During spring migration, it’s the pond and other water features which hold the birds’ interest, but autumn migration is different. As I watched him flit, first in my larger Red Oak tree, then to a Rough-leaf Dogwood, Cornus drummondii, I assumed he was headed for the pond for a quick bath. Instead, he flew from the oak tree to the dogwood–and remained there. I then surmised that maybe he was aiming for his share of the white fruits that my two Rough-leaf Dogwoods have produced this year. If you look as the photo, to the right of Mr. Yellow Fellow and far right of the photo, you’ll see a mauve/reddish-brown branchlet. Until recently, this set of small branches, like other similar ones on both trees, held juicy white fruits, most of which have been eaten by a variety of birds, primarily the resident Mockingbirds and Blue Jays. No doubt, other migratory birds have dined on these fruits, too, including the aforementioned Orchard Oriole and Yellow Warbler, who spent time in both dogwood trees, playing peek-a-boo with my camera behind foliage.
Pre-bird munching, this is a close-up of the fruits, developed, but not yet devoured.
As there aren’t many berries left, and most of those sit waiting at the base of the tree, I realized that the yellow fellow was nibbling on insects as he moved along the upper branches. That tracks, as Yellow Warblers enjoy insects as a main source of their diet.
Unfortunately, Mr. Yellow Fellow didn’t hang around too long; I guess he’s eager to get to Central America, where his winter will be mild and his meal choices prolific.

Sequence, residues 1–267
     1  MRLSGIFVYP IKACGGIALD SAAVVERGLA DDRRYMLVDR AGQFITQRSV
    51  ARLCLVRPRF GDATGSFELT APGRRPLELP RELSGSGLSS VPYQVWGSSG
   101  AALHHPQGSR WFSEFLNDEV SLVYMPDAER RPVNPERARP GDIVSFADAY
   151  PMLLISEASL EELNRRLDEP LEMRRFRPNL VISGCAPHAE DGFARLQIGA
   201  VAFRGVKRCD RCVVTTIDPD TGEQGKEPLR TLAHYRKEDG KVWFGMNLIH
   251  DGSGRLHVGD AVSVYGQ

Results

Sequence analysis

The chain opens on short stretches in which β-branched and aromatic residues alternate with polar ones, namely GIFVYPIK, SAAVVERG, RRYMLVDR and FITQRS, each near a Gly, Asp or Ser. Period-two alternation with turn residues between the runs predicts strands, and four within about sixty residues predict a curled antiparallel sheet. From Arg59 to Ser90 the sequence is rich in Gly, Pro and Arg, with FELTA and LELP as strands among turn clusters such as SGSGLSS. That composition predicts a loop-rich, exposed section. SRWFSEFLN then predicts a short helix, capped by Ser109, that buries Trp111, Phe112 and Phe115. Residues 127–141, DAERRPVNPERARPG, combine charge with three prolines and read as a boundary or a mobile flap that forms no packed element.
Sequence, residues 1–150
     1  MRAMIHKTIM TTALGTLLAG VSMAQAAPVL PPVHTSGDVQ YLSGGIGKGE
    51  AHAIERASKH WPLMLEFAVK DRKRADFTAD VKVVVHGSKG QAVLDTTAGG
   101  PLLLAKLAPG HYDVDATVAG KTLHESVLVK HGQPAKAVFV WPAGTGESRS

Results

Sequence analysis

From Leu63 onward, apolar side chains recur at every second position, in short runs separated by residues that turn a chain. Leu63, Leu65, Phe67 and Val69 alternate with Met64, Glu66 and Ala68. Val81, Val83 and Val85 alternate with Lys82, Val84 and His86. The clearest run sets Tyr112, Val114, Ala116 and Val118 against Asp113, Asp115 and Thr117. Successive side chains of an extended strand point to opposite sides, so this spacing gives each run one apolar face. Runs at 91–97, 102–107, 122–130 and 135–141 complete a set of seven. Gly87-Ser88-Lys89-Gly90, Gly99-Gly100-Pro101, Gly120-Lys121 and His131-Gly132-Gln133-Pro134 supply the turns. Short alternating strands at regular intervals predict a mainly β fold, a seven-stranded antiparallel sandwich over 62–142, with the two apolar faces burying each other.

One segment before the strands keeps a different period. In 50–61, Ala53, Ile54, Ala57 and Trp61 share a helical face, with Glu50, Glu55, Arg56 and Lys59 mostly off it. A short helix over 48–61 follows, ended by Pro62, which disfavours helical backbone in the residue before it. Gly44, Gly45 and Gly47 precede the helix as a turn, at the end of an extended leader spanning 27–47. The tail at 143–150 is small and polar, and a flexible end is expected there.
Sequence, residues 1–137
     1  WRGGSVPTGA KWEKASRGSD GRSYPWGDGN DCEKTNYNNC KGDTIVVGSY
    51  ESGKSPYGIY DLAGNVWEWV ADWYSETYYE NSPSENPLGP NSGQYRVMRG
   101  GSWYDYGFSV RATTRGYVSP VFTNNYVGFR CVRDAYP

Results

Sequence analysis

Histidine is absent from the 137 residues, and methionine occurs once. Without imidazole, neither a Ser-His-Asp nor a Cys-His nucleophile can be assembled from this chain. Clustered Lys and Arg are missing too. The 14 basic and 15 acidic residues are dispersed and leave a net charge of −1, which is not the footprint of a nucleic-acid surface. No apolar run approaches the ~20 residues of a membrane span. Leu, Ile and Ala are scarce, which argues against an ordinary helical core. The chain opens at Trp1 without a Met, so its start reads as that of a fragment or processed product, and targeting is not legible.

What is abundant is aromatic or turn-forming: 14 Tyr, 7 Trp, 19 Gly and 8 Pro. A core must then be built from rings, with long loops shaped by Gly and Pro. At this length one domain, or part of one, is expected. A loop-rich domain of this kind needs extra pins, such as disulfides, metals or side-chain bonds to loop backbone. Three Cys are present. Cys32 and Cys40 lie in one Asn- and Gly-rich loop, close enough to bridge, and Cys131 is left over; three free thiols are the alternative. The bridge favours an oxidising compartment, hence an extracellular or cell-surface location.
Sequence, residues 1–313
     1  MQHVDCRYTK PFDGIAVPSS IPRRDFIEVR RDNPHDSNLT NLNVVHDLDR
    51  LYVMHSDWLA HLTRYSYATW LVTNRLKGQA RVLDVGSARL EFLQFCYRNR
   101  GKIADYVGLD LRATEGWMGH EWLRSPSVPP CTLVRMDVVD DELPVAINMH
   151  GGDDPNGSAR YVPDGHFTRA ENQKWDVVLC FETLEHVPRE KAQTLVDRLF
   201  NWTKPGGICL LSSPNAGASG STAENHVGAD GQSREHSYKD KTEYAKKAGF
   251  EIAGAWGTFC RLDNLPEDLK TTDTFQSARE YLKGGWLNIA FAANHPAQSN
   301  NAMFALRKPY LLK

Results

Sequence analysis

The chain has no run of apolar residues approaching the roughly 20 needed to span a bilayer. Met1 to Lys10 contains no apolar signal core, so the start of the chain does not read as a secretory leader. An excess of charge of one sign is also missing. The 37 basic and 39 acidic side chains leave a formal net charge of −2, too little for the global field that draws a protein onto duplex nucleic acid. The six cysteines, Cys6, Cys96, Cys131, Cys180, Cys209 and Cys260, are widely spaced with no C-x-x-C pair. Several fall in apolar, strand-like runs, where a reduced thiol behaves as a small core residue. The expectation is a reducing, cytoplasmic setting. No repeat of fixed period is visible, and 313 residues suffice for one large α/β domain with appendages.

These next few weeks are the apex of bird autumn migration in the Americas and I look forward to more feathered friends flying through. Good luck, Mr. Yellow Fellow–come back and see me next spring!
Wings are things year-round in my garden. Even in winter, there are, minimally, honeybees and Red Admiral butterflies zooming and flitting during those shorter days. But late summer and into autumn, winged insects are a constant source of activity, adding an “experientially rich” dynamic that is always present in a garden, but heightened in the latter months of the growing season.
As the days grow noticeably shorter (though not cooler) I’ve been out and about in the garden, and some of those times, remembered to bring the camera along.
The Southern Pink Moths are familiar in the garden, very often resting on plants in the salvia genus like this White Tropical sage, Salvia coccinea.
It’s nearly always sometime in July that I spy my first Bumble bees in the garden. They zoom in, buzzing like miniature planes, intent on working a set of blooms before departing for new territory and fresh flowers. This one worked the blue blooms of Henry Duelberg sage, Salvia farinacea ‘Henry Duelberg’ for several minutes. The bee was never still enough for me to capture a good shot, but it did its pollination duty, its proboscis stuck deep in the bloom for maximum slurping.
Zexmenia, Wedelia texana, is a pollinator magnet and attracts a wide variety of native flies and bees. This bee is probably a bee in the “hairy legged” category like a minor or digger bee. My best guess is that it’s a longhorn bee, but in this photo that’s hard to confirm, as its antennae are hidden, bee head buried deep in the bloom.
There’s a whole crew of yellow and white butterflies that become very active in July and downright ubiquitous in the following months and they are all fast flyers. This Little Yellow cooperated with me while dining on another Zexmenia bloom. Have I mentioned that Zexmenia flowers are pollinator favorites?